In a country where tourism has not yet reached, finding a place to bunk down at night was not always easy. Our guidebook had already warned us that accommodation was not the best or easiest to find in our last Central Asian country. Creature comforts were not a part of Tajik accommodation and we experienced walking on ice paths just to get to our outhouse at night. Hot water (or any water at all) was a luxury which we thoroughly enjoyed when available. Read More
Before we arrived in Uzbekistan, we met so many travelers raving about the quality of the Uzbek guesthouses and B&B’s but also complaining about how expensive they were. They were right on both accounts. In our 2 weeks in Uzbekistan, we were pleasantly surprised to stay in nice rooms which in most cases we even had our own bathroom and toilet which is quite special in Central Asia. Every morning we were treated with a scrumptious breakfast, naan, eggs, yoghurt, curd, pastries and fruit. We negotiated hard as the end of the tourist season is nearing, however, the average price per night was still quite high – $ 28.60 per night. Read More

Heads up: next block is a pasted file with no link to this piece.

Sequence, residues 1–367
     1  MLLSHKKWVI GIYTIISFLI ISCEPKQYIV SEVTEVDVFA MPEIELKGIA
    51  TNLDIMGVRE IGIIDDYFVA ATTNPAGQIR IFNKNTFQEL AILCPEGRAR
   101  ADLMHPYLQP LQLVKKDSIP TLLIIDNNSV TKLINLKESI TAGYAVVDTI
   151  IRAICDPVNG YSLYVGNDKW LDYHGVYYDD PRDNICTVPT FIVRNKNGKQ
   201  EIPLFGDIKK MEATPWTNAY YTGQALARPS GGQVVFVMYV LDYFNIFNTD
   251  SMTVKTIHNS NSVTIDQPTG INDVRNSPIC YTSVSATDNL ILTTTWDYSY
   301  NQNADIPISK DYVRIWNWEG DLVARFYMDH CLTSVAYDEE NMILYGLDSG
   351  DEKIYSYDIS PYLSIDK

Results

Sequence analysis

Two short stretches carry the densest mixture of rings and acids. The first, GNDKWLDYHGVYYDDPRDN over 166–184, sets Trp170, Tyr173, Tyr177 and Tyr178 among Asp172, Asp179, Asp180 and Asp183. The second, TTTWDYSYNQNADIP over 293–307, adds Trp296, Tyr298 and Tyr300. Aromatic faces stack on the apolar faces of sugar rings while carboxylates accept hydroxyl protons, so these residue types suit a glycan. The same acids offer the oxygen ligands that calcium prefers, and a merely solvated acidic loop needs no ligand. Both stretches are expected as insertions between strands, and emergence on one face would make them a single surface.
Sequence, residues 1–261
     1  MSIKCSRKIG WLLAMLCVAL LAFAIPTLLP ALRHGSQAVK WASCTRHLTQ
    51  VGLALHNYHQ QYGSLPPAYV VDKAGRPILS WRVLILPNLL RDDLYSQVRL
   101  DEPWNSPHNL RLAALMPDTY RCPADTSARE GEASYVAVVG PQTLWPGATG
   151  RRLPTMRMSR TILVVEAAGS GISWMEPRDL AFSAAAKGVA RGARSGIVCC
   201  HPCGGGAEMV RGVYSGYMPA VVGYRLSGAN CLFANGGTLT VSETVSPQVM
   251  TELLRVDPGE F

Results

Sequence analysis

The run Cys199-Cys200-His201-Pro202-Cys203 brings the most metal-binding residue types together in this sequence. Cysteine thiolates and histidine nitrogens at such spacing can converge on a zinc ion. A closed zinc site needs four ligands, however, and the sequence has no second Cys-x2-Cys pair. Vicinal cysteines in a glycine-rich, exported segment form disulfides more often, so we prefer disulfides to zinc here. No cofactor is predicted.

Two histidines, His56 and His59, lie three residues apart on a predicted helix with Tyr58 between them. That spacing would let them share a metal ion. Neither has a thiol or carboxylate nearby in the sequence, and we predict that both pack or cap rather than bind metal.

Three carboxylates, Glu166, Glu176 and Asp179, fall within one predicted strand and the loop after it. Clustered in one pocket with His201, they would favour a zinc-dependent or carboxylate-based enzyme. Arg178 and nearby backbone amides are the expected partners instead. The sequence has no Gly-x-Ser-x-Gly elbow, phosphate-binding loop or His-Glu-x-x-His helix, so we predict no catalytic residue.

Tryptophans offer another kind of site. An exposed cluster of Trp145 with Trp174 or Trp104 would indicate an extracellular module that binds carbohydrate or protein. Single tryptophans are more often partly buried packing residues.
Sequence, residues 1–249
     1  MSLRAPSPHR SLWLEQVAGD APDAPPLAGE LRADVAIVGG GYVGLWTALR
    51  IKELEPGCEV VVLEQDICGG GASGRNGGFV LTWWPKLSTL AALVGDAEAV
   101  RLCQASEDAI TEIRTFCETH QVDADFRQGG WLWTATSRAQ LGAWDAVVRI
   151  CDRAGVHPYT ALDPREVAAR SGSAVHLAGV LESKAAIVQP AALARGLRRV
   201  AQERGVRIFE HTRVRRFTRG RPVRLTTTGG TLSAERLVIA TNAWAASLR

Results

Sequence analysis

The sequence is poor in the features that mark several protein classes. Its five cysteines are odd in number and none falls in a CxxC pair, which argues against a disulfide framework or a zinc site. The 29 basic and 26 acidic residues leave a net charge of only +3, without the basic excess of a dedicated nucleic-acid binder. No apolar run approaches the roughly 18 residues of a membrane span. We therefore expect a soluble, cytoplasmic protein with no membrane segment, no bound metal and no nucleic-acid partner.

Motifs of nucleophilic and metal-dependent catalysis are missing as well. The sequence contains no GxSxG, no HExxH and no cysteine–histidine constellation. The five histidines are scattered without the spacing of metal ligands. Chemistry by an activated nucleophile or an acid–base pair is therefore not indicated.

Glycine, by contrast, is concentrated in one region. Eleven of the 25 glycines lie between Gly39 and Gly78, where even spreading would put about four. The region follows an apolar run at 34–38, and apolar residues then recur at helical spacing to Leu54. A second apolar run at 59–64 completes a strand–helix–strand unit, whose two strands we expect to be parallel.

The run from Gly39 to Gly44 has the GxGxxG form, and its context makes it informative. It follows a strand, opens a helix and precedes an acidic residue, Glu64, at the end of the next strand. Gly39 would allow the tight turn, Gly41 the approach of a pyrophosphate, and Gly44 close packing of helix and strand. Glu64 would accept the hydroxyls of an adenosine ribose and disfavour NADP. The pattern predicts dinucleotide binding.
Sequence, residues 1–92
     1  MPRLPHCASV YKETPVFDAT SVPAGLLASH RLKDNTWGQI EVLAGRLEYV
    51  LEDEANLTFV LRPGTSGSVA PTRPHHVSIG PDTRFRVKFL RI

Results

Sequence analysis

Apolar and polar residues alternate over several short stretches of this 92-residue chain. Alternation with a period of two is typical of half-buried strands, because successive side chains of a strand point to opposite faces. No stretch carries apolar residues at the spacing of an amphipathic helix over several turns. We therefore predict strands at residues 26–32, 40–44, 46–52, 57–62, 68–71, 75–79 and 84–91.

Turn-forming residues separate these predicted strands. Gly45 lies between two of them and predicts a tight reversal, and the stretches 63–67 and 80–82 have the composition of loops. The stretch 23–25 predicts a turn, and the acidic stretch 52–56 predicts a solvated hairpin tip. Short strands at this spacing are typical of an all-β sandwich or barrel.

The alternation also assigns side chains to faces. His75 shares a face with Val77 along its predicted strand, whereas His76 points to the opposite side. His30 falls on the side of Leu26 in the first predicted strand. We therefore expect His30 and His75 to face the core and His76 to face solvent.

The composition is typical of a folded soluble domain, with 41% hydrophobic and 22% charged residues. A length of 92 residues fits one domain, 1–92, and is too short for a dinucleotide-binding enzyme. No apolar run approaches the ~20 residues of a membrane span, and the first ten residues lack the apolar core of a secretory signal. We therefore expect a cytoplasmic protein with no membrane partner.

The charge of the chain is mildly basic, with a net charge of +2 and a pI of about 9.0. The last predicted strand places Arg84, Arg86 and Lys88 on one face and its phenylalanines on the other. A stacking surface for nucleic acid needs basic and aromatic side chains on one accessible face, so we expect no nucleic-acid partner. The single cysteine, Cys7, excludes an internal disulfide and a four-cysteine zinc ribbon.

Most places we stayed at in Kyrgyzstan were homestays and offered a great insight in the everyday lives of the Kyrgyz. We became part of the family, sometimes ate together, shared the bathroom and found out how the houses look like from the inside. Sharing homes with the families or with other travelers became normal quite fast and staying in a home feels much more homely than in a formal hostel or guesthouse. As most accommodation were homestays, the prices were per person and often included breakfast. The average price per person per night was 420 som (EUR 6.30). These were our homes in Kyrgyzstan. Read More
In a country where you can see and feel the nomadic way of life, gers, also called yurts are the preferred home for Mongolians. Easy to set up or break down, nothing is more flexible. In Ulaan Bataar, our hostel was in an old Soviet appartment block, which is also the common housing situation for most urban Mongolians. However, once we left the capital, most nights were spent at a family ger camp. At the end of each day after driving through this big empty country, these ger camps would always suddenly appear as everyone is allowed to set up their gers where ever they wish. Read More